The Six Principles of Clean Code.

First off, let’s just clear this up: clean code does not mean working code. Good? Let’s get into it.

Let's show you a very common situation in the life of a programmer:

  1. Spend 3 hours writing 900 lines of code.
  2. Come back the next day to check code.
  3. Spend 3 days trying to figure out what I was thinking.

Think of it like not being able to read your own handwriting, but for a novel.

Clean code prevents this all-too-common problem.

It makes the initial writing a lot slower but saves you countless days later on. In short, clean code is:

  • Readable
  • Well structured
  • Easy to maintain
  • Testable
  • Elegant

It’s awfully hubristic to think that code only needs to be written once. This is an impossibility. Accept this, and you’ll do great things. After all the bug fixes, business changes, and tweaks, the tech world is ever expanding and you’ll need to add new functionalities all the time.

On top of that, innovating feature after feature to impress the end user and stay 10 steps ahead of your competitors. Those are only a few reasons you need to care about clean code. There are thousands of reasons, but we’re saving the two most important for last.

How to Escape the Loop of Doom.

As obvious as it sounds to invest that time early, clean code is surprisingly rare. Whether it be ignorance, hubris, deadlines, or even job security (haha) there are a million reasons it never happens. You’re constantly squeezed to deliver those bug fixes, tweaks, and new features. Then you find yourself back again in the Loop of Doom.

  1. The client has new feedback/request
  2. Come back to check code
  3. Spend 3 days trying to figure out what I was thinking when I wrote it so recently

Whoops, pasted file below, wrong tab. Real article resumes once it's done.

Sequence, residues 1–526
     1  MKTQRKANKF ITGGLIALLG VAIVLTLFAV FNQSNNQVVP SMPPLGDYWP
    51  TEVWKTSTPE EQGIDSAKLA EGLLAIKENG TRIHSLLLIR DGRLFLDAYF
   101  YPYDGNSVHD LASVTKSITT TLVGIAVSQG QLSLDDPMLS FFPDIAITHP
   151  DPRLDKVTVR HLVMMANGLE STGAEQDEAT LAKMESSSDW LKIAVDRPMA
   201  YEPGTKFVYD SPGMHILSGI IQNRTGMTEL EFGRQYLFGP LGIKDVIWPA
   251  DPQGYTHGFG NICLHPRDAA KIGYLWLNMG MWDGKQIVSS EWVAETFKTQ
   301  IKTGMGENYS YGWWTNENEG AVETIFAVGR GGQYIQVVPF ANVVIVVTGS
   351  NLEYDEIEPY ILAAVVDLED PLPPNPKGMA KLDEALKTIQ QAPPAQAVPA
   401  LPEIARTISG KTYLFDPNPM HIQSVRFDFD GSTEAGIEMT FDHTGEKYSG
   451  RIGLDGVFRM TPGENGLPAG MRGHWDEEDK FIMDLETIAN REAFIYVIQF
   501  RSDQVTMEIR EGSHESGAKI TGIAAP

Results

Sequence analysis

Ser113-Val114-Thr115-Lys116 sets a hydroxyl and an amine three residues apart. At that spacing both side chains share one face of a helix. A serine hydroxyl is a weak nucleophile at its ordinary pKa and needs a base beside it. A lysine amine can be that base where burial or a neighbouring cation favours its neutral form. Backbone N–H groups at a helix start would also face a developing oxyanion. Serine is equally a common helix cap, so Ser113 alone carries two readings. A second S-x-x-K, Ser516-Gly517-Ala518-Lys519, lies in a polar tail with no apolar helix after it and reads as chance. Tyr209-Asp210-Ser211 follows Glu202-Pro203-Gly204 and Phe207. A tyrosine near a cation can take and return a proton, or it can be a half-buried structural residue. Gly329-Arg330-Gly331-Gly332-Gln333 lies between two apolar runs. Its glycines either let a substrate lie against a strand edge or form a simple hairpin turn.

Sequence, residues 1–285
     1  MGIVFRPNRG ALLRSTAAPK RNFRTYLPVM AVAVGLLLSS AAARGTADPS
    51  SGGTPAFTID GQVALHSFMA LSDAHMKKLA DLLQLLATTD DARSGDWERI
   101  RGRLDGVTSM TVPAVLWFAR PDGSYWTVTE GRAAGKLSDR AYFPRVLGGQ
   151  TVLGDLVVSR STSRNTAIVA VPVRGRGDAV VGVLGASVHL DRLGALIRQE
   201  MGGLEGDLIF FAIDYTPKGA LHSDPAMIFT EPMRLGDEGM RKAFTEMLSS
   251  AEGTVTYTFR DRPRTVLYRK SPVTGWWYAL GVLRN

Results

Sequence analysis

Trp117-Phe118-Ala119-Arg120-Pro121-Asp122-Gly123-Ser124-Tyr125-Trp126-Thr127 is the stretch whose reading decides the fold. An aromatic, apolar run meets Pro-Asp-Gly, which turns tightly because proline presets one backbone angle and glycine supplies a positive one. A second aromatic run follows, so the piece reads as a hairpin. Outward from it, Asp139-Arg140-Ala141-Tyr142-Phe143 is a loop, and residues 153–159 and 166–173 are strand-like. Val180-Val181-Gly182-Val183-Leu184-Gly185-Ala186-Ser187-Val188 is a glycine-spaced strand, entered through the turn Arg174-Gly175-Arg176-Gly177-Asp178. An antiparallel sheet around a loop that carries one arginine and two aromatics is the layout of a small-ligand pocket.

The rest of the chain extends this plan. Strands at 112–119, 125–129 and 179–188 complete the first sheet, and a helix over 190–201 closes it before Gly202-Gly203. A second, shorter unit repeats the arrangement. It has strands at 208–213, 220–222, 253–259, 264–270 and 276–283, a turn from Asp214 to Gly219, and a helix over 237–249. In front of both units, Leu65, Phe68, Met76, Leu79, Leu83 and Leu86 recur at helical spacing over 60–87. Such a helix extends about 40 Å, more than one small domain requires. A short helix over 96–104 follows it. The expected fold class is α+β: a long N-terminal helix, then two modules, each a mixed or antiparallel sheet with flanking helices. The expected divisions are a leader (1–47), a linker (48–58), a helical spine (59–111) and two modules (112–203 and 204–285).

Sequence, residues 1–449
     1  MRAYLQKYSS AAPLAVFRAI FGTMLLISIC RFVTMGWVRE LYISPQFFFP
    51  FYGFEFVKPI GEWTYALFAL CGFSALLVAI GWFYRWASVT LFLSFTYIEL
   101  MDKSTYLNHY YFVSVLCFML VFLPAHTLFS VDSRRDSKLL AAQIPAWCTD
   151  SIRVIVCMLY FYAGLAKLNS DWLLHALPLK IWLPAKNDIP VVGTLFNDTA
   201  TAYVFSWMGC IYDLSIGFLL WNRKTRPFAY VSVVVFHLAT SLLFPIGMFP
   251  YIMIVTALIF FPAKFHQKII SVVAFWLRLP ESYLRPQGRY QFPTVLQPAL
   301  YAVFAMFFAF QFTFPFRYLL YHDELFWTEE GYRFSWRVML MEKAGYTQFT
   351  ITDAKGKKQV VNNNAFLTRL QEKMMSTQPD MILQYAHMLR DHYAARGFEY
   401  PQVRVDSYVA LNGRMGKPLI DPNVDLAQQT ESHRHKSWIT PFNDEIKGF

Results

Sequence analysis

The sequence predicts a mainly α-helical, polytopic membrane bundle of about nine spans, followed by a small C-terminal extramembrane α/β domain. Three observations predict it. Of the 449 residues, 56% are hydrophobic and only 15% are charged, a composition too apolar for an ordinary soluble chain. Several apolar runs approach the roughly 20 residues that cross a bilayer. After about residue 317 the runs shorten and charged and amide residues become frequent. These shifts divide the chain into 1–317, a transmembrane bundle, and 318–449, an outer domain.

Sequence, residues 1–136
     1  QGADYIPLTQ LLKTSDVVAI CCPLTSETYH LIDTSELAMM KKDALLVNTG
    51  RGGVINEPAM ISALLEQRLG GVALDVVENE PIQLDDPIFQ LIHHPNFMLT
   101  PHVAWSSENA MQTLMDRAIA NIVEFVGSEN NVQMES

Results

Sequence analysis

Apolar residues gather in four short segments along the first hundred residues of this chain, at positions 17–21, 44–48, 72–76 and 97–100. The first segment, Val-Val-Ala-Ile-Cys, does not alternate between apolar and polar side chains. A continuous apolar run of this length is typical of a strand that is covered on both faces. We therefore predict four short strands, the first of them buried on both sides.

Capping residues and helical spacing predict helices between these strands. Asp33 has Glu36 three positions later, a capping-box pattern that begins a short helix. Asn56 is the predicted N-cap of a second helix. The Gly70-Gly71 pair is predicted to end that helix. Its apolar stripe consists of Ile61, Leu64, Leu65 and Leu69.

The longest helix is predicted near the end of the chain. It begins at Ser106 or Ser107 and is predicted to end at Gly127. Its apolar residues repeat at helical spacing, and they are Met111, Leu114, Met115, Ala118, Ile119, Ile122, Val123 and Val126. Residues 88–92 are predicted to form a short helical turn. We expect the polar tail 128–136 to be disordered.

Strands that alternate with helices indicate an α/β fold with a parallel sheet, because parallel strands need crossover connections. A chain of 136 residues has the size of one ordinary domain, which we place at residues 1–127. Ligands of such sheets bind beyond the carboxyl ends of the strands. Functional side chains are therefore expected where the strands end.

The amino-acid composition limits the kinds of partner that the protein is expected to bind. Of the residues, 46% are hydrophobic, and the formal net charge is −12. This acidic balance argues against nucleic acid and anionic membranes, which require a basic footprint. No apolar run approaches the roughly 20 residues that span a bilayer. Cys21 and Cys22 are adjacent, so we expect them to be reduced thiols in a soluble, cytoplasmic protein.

4. Figure it out
  5. Spend 3 hours writing 900 lines of code
  6. Fix bug/add featurs
  7. Submit to client
  8. The client has new feedback/request

The Loop of Doom makes everyone a liar. Seriously. The biggest lie in the world is:

“I’ll clean it up later.”

Later never comes.

Do it right the first time, because hours add up to days. Legends say career coders could even waste years trying to remember what the hell they were thinking. It’s the stuff of nightmares. Stop thinking about yesterday, and start thinking in terms of the lifespan of the application.

Rule of Thumb: Imagine that every developer who comes after you has your home address. And a battle axe.

Hell hath no fury like unreadable code. These guys live in the Loop of Doom after all. Now you know what clean code is, why it matters, and the rule of thumb to make sure your squeaky clean code is up to standard.

Resistance is Futile.

Your code could even be an advertisement for Tide. Don’t let that sense of security settle though, because we’re descending right back into the chaos of programming. I hope you brought a change of clothes, because your eyes are about to piss tears.

What is wrong with coding being readable, maintainable, testable, and elegant?

All of these qualities are subjective.

Cue the sounds of bodies hitting the floor. It becomes infinitely more complex when you’re working with multiple teams, multiple clients, and on occasion, across international borders. Please keep the screaming to a minimum. It’s up to your team to define readable, maintainable, testable, and elegant. Here are a few of our principles to help guide your treacherous journey:

1. The Dry Principle.